At least one worry was dispelled as soon as the match kicked off. Every time Jomo Sono got the ball, there would be a great roar from the black section of the crowd. There was going to be no problem identifying him, although another star whom I was just learning about, Patrick “Ace” Ntsoelengoe, was also showing magical skills. Even younger than Jomo, he was already playing in the North American Soccer League, where he spent 11 seasons, and appearing for his home side, Kaizer Chiefs, when he could. But the South Africans, in their green shirts with gold collars, were still getting used to each other, and their early attacks broke down. Some of the early hysteria faded, giving way to fear that the Argentine team was getting on top.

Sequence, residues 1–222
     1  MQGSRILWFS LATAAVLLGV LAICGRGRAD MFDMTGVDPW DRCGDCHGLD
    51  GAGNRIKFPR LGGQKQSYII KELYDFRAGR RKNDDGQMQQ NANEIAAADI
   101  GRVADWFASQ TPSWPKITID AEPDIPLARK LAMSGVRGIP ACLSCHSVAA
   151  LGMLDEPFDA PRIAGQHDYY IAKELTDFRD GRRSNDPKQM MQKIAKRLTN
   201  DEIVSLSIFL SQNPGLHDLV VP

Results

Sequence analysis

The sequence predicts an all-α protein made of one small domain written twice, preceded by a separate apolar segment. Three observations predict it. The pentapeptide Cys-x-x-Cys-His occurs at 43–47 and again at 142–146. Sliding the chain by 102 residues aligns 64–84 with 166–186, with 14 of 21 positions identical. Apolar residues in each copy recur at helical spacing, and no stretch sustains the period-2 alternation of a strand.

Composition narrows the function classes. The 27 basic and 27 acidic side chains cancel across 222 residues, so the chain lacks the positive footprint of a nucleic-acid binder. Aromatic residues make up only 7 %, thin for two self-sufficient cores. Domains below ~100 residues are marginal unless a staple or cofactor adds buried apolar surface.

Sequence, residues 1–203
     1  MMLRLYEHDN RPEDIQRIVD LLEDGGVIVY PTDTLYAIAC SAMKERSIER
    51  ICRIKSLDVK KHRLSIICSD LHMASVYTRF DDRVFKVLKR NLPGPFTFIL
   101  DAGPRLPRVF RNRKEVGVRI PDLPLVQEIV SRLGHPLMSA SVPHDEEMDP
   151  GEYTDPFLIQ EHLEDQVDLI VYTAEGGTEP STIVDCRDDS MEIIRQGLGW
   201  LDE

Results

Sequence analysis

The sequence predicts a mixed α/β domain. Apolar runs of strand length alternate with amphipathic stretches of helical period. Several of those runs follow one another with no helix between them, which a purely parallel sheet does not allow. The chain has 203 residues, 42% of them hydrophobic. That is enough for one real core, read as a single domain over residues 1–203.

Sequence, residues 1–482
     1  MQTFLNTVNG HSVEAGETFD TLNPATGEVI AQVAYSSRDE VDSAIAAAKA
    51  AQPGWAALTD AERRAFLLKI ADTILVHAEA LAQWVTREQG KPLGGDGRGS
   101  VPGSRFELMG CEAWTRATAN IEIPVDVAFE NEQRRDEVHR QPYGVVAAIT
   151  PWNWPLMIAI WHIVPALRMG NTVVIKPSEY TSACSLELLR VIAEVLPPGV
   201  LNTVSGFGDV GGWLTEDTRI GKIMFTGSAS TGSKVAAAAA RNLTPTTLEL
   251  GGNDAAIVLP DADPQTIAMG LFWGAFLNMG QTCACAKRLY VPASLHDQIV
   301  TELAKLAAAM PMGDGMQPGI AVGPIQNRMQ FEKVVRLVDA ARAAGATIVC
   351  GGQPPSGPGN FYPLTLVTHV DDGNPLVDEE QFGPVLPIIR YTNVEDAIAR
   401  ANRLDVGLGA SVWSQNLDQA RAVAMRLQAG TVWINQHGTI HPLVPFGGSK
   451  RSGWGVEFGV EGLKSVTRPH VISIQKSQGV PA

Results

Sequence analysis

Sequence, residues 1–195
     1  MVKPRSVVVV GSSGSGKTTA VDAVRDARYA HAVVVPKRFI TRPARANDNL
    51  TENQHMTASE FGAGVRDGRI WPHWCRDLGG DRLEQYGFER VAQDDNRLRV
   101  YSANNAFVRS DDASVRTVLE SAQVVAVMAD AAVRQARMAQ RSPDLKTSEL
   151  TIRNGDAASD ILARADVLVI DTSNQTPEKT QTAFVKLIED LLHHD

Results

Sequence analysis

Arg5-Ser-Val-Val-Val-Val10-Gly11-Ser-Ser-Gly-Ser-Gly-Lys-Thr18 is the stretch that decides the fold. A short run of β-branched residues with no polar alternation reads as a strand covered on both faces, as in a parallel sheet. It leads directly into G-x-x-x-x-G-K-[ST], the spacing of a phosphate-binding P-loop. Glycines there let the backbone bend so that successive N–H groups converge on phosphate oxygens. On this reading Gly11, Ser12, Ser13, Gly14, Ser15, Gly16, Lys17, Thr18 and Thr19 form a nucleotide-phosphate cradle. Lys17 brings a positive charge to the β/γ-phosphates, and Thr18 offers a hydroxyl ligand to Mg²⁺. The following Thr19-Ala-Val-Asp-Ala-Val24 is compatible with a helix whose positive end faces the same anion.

I can’t remember whether Jomo or Ace scored the first goal, but it transformed the night. Would the players celebrate as they normally did, or would they be constrained by their racial separateness? Black and white, they behaved as spontaneously as footballers anywhere, hugging in delight—routine the world over, but at that time, in that place, extraordinary. All at once, the South Africans began playing with a higher purpose, and the Argentines were swept aside. The South African tactics were simple: give the ball to Jomo Sono. He scored four goals and South Africa won 5-0.